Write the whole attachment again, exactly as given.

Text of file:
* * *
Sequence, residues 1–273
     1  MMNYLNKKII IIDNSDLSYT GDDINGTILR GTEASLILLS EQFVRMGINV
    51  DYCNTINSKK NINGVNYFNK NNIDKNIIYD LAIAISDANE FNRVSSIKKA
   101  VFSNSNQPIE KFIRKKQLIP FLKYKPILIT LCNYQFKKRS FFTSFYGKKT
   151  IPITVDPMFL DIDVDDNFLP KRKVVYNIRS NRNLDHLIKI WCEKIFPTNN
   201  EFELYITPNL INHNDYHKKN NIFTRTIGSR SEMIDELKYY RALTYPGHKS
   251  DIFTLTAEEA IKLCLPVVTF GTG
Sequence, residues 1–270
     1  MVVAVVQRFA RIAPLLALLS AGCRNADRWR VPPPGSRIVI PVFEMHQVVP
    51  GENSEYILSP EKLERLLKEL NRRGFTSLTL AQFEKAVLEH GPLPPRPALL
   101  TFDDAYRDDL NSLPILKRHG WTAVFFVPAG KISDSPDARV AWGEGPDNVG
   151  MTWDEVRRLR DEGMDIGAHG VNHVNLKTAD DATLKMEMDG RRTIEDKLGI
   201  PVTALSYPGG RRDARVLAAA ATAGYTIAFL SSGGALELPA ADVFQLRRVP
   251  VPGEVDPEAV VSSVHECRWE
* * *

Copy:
Sequence, residues 1–273
     1  MMNYLNKKII IIDNSDLSYT GDDINGTILR GTEASLILLS EQFVRMGINV
    51  DYCNTINSKK NINGVNYFNK NNIDKNIIYD LAIAISDANE FNRVSSIKKA
   101  VFSNSNQPIE KFIRKKQLIP FLKYKPILIT LCNYQFKKRS FFTSFYGKKT
   151  IPITVDPMFL DIDVDDNFLP KRKVVYNIRS NRNLDHLIKI WCEKIFPTNN
   201  EFELYITPNL INHNDYHKKN NIFTRTIGSR SEMIDELKYY RALTYPGHKS
   251  DIFTLTAEEA IKLCLPVVTF GTG
Sequence, residues 1–270
     1  MVVAVVQRFA RIAPLLALLS AGCRNADRWR VPPPGSRIVI PVFEMHQVVP
    51  GENSEYILSP EKLERLLKEL NRRGFTSLTL AQFEKAVLEH GPLPPRPALL
   101  TFDDAYRDDL NSLPILKRHG WTAVFFVPAG KISDSPDARV AWGEGPDNVG
   151  MTWDEVRRLR DEGMDIGAHG VNHVNLKTAD DATLKMEMDG RRTIEDKLGI
   201  PVTALSYPGG RRDARVLAAA ATAGYTIAFL SSGGALELPA ADVFQLRRVP
   251  VPGEVDPEAV VSSVHECRWE